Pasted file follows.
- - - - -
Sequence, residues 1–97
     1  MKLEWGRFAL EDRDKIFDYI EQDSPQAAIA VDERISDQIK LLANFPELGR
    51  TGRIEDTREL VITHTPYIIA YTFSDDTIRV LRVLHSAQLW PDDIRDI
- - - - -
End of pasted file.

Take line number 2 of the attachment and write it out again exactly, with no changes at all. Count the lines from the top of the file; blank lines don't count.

     1  MKLEWGRFAL EDRDKIFDYI EQDSPQAAIA VDERISDQIK LLANFPELGR